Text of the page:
The company is cash rich, with $13 billion in hand that could help it to bounce back after a major mishap. Cash on hand will also open the door to acquiring fintech companies that may improve its ability to serve customers. This is important, as over the last 10 years PayPal has acquired smaller players voraciously, culminating with its $4 billion purchase of the online couponing aid company Honey Science late last year.

Acquisitions aside, in the most recent quarter PayPal only reported $8.8 billion in long-term debt. When paired with its strong cash position and its scalable business model, the company will likely continue to grow for quite some time. In other words, PayPal is positioned to bounce back from the next severe market drop, so it would be great to grab at a discount.

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Alex Carchidi has no position in any of the stocks mentioned. The Motley Fool owns shares of and recommends Mastercard, PayPal Holdings, and Visa and recommends the following options: long January 2022 $75 calls on PayPal Holdings. The Motley Fool has a disclosure policy.

Next Stock Market Crash: Where to Invest $10,000 was originally published by The Motley Fool


Author: Alex Carchidi, The Motley Fool

Bridgewater’s Risk-Parity Shift Jolts a $400 Billion Quant Trade

Bridgewater’s Risk-Parity Shift Jolts a $400 Billion Quant Trade

The $400 billion corner of quant investing known as risk parity has a history of doubt and division, and Bridgewater Associates has started a new chapter.

Ray Dalio’s $138 billion asset manager has tweaked its version of the strategy by moving into alternatives to conventional bonds as yields hit historic lows, a person familiar with the matter has confirmed.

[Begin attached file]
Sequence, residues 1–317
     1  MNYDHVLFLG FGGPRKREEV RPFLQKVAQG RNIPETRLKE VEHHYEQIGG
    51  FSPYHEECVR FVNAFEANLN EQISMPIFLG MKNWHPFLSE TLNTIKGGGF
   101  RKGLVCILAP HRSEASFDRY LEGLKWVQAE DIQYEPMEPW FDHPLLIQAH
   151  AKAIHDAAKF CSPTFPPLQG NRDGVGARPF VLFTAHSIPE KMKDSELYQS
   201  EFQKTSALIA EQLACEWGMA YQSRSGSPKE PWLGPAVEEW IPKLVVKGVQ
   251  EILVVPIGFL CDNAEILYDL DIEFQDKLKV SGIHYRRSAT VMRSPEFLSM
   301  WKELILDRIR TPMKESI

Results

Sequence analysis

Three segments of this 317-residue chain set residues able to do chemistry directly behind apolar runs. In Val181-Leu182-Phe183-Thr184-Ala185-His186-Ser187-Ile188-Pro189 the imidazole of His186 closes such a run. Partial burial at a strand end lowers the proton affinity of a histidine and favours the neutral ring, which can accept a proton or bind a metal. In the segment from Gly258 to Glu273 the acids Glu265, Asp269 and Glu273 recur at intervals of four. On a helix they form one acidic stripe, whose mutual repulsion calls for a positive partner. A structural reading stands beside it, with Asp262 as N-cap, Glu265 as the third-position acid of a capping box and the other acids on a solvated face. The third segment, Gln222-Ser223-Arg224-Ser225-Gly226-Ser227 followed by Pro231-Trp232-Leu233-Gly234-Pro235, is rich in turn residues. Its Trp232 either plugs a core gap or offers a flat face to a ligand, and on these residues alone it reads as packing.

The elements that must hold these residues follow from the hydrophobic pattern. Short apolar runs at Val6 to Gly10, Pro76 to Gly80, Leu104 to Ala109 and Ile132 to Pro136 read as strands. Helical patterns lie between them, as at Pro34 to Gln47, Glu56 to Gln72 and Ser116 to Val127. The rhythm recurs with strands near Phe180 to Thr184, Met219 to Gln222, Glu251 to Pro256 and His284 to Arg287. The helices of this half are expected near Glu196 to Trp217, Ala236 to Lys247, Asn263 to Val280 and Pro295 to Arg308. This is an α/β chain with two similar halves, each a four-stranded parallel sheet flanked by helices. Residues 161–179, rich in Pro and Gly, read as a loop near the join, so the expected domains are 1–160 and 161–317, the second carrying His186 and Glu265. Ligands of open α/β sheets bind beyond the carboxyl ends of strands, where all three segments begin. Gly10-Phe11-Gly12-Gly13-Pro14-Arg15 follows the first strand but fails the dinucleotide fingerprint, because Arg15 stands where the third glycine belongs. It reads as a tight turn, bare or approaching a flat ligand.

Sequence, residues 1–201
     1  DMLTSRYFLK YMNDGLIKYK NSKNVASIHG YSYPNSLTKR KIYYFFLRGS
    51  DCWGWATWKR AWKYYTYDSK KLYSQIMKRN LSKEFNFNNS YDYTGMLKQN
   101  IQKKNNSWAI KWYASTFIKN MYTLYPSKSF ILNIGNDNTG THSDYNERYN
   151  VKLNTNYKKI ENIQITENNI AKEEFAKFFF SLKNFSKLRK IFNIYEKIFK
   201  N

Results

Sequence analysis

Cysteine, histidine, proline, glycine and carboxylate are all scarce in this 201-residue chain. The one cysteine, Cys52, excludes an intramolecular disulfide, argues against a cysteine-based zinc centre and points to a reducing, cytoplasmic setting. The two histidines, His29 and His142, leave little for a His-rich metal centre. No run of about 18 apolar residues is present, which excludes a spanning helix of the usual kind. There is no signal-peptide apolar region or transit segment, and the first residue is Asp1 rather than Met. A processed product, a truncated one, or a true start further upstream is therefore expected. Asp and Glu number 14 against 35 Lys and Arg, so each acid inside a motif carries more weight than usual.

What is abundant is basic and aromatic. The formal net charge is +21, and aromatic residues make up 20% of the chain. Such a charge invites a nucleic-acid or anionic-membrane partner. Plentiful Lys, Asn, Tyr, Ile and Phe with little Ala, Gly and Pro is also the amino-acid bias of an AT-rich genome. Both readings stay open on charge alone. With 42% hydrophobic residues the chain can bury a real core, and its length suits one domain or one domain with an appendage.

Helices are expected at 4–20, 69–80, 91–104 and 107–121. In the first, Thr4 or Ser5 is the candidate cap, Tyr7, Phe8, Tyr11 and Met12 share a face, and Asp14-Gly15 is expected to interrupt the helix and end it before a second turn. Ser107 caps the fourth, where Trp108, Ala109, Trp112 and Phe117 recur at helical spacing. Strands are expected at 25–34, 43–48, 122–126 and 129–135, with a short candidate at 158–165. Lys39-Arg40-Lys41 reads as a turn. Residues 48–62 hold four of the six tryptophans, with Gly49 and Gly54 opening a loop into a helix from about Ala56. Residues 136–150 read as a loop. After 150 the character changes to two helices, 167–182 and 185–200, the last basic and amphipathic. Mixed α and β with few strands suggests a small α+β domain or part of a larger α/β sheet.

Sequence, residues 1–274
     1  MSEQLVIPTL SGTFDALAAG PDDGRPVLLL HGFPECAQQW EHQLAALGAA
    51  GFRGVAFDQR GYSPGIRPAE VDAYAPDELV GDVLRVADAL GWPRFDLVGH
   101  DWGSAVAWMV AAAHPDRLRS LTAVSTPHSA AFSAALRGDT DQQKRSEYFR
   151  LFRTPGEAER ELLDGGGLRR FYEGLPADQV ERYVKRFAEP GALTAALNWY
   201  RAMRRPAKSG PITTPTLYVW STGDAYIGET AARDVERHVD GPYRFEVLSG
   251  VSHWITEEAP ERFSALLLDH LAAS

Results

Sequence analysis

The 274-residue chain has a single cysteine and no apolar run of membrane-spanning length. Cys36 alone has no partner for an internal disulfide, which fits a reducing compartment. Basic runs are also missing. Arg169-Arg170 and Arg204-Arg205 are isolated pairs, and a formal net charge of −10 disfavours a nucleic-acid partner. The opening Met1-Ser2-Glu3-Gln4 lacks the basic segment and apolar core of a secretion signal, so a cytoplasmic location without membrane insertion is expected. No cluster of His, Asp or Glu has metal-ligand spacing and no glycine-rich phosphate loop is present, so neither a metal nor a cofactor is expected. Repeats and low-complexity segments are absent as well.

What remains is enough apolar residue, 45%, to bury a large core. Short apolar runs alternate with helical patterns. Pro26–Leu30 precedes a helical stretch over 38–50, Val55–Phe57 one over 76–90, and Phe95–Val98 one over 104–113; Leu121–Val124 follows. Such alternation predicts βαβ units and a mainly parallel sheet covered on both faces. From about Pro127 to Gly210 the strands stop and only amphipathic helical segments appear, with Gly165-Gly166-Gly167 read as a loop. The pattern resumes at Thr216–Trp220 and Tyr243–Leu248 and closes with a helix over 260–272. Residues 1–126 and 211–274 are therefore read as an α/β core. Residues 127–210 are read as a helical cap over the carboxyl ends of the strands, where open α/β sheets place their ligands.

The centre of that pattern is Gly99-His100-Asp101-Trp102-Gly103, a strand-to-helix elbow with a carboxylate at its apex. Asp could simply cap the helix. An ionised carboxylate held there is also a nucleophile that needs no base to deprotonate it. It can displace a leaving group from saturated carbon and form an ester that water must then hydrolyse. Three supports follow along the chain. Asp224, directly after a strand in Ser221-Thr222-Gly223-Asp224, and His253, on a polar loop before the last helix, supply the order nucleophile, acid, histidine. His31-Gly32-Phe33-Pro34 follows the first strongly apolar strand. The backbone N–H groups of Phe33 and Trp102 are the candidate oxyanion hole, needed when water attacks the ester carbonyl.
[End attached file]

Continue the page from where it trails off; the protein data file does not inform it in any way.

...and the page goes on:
Bob Prince

Bob Prince

Source: Bloomberg

The shift, telegraphed by the firm in a July report, drives a new wedge between Bridgewater and risk-parity purists and speaks directly to concerns that have long dogged the systematic investing approach.

Since the strategy allocates money across assets based on how risky they are — meaning it buys more securities with lower volatility — it typically takes a heavy position in sovereign debt.

“It is pretty obvious that with interest rates near zero and being held stable by central banks, bonds can provide neither returns nor risk reduction,” a team led by Co-Chief Investment Officer Bob Prince wrote in the July report.

Recent decades have seen an inexorable plunge in bond yields

Bridgewater’s famous All Weather portfolio has therefore been moving into gold and inflation-linked bonds, diversifying the countries it invests in and finding more stocks with stable cash flow.

The idea is to replicate the long-term positive returns typically generated by bonds while finding alternative ways to hedge a downturn in stocks, especially if higher inflation upends low-yielding nominal debt.

Bridgewater’s conviction that ultra-low yields are a game-changer for risk parity will resonate with many on Wall Street, who have also been fretting over the fate of traditional portfolios that allocate 60% to stocks and 40% to bonds.

According to the firm, about 80% of local-currency government bonds have been trading below 1%, which limits the room for such notes to rise in value during a bout of risk aversion since investors can simply hoard cash instead.